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PPF Inward Shift - Theme 1 Micro

AS, A-Level, IB
AQA, Edexcel, OCR, IB, Eduqas, WJEC

Last updated 5 Oct 2018

For most countries, the production possibility frontier (PPF) will shift outwards over time reflecting an increase in potential output of goods and services. But for others, there are risks that long-term growth can be damaged. One example is the consequences of de-population which leads to a shrinking active labour force.

De-population can occur naturally when the birth rate falls and is seen most often in nations with a high median age – an example being Japan which has a very low birth rate and a low rate of net inward migration. A number of Eastern European countries are experiencing population decline including Bulgaria, Romania and Ukraine. Another cause is a brain drain effect from (often) younger workers leaving a country suffering from high unemployment to find better paid work elsewhere (an example being Greece) or to escape a dire economic and social crisis such as being experienced in Venezuela at present. A brain drain is also known as human capital flight.

The extent to which de-population affects the position of the PPF depends on the scale of the population decline. In the case of Latvia for example, the resident population is shrinking by more than 1 per cent a year. It also depends on the quality of the people who leave – for example the large exodus of skilled surgeons, teachers and engineers from countries such as Ethiopia or Kenya in part because of social and political unrest, even though both countries are still growing quite quickly. Investment in labour-saving capital technologies might help to offset the loss of labour, but new plant and machinery also requires sufficient training to use it well.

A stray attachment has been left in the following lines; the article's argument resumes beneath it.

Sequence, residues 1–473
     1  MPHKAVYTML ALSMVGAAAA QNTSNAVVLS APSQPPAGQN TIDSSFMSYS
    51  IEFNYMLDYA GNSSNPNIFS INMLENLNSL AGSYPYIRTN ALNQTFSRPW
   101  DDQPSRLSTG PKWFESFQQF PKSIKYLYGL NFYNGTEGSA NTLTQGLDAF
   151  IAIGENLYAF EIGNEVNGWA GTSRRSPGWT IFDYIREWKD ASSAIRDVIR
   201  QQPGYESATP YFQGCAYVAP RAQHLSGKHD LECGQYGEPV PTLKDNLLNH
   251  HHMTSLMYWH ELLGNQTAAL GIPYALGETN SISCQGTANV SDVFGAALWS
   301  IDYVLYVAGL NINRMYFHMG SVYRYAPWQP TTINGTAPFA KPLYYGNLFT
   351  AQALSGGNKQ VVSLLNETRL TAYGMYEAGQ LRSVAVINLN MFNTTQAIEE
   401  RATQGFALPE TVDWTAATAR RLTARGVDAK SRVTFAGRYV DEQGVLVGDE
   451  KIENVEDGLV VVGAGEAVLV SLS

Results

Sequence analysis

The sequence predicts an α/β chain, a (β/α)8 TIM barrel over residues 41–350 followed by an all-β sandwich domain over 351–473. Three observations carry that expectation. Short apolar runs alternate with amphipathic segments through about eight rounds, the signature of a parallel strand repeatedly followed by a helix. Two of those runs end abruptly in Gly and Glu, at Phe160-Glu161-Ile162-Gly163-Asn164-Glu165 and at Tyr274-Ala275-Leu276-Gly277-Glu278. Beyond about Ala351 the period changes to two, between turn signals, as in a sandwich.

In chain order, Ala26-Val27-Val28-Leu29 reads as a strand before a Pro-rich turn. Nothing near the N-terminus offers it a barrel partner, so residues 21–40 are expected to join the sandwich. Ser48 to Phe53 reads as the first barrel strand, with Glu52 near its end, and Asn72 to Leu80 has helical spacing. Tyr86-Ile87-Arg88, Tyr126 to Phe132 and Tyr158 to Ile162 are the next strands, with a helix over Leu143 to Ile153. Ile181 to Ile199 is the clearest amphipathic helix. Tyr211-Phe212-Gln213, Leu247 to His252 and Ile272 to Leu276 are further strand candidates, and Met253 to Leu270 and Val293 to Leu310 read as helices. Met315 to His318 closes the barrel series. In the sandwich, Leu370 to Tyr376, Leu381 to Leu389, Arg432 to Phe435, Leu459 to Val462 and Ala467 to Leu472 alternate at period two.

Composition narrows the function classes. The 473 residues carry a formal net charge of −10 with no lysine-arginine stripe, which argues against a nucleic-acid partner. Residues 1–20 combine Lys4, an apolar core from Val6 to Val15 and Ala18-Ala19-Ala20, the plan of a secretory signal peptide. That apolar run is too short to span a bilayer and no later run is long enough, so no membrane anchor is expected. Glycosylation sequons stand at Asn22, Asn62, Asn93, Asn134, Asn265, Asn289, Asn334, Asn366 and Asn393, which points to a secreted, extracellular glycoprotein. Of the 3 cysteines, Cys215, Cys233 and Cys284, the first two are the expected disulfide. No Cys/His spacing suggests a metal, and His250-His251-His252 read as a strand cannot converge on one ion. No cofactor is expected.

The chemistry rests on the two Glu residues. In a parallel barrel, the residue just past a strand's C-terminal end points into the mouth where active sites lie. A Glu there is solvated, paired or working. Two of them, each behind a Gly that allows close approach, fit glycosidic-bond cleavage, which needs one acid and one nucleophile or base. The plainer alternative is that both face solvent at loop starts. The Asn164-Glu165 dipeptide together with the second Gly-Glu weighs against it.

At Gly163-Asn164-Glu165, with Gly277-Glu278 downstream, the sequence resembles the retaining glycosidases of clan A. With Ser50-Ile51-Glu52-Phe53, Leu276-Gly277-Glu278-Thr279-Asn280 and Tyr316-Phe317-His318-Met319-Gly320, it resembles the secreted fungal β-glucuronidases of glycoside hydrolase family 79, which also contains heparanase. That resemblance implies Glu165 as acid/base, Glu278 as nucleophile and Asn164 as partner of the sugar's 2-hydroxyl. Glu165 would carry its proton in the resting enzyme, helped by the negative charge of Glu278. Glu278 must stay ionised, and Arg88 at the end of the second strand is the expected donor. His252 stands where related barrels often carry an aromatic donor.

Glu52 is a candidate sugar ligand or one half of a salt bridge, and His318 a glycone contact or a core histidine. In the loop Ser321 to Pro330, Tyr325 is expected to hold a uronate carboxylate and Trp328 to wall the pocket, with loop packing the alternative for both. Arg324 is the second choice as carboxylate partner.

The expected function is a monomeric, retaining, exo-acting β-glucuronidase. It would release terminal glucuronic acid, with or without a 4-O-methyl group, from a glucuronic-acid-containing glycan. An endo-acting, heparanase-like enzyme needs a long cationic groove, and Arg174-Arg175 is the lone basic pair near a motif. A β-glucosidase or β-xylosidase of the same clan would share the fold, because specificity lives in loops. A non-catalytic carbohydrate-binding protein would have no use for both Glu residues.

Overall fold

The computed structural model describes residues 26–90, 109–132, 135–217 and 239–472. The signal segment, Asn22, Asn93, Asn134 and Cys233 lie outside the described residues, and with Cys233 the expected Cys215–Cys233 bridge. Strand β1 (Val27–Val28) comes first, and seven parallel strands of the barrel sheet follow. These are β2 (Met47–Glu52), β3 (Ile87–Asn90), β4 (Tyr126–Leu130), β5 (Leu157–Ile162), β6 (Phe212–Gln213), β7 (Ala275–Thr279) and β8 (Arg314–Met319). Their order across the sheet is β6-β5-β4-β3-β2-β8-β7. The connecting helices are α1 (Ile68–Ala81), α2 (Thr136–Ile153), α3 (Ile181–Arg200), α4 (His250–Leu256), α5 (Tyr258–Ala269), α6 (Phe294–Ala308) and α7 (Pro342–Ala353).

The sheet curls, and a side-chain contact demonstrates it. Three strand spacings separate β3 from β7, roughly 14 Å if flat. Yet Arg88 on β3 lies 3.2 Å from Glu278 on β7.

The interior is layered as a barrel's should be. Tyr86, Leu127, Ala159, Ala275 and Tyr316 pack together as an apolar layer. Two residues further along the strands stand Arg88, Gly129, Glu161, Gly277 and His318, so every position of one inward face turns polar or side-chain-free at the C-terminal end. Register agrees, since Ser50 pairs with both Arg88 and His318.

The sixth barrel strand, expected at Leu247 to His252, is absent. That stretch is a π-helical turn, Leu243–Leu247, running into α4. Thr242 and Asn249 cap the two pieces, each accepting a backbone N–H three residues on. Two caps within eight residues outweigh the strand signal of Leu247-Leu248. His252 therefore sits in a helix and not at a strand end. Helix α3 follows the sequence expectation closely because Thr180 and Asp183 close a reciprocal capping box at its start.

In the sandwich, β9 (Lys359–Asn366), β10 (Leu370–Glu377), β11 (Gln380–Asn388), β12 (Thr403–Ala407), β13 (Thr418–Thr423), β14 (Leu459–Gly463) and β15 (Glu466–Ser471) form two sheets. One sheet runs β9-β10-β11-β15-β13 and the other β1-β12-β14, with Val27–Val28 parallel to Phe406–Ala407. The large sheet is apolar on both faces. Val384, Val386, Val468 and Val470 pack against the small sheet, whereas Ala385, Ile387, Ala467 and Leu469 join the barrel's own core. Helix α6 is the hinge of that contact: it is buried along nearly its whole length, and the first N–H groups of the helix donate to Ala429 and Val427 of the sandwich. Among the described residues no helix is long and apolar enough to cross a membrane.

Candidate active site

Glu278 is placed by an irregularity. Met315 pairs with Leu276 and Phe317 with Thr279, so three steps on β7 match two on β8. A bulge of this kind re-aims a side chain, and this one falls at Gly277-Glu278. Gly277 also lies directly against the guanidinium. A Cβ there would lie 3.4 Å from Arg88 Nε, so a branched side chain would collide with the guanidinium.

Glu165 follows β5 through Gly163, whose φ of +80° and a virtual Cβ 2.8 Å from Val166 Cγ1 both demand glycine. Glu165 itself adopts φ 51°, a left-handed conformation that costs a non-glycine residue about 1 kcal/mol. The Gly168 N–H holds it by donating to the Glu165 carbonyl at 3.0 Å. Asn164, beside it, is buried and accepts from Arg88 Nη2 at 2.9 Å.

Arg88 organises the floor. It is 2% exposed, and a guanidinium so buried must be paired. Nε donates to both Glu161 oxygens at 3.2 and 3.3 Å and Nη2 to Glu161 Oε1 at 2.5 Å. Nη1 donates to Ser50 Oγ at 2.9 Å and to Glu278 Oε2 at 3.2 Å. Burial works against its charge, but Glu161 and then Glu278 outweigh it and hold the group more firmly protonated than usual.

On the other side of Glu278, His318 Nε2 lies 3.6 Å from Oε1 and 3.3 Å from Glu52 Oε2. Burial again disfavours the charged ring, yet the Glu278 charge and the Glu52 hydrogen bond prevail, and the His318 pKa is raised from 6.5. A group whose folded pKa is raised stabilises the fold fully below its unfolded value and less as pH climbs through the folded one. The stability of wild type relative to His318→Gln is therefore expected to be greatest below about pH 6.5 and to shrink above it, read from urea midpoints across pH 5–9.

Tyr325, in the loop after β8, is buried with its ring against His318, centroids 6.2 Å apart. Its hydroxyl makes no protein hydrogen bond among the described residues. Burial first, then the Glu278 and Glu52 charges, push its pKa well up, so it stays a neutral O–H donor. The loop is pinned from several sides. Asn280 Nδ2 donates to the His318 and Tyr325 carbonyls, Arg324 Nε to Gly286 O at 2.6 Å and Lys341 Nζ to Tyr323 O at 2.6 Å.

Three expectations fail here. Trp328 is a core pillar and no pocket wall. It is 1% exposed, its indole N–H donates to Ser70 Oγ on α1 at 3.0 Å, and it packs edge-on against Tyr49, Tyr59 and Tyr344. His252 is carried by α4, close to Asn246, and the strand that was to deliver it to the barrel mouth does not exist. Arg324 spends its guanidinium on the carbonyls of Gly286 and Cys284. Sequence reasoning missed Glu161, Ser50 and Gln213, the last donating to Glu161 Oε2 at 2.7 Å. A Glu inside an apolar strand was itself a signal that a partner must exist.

A second cause of an inward shift of the PPF can be a decline in both the stock and the quality of a nation’s natural resources. Many economists are now worried that the world as a whole is extracting natural inputs far too quickly for economic growth and living standards to be sustained.

Resource depletion is the consumption of a resource faster than it can be replenished. The economist Kate Raworth in “Doughnut Economics” argues against the old industrial model of extract – make – use – dispose - which – she believes has “depleted nature’s resources and has dumped too much waste in her sinks.” Natural resource depletion can be seen in many countries – from deforestation in Brazil to the decline in fish stocks in the east of sub Saharan Africa. Using up natural resources contributes to short term economic growth but damages long-run productive potential especially if countries are unable to harness natural resource wealth and use it to finance investment in human capital.

Declining soil fertility, collapsing bio-diversity, the effects of over-fishing and deforestation and the scourge of plastic pollution are some of the biggest issues of our time. That said, there is an argument that resource scarcity will act as a stronger incentive for scientists and entrepreneurs to innovate to find technologies that promote clean energy and sustainable farming. Governments can also intervene in markets for example through pricing carbon emissions to help reduce the risks of catastrophic climate change. The aim of such policies is to help protect renewable resources—agricultural land and forests and protected marine areas—so that they can produce benefits across generations.

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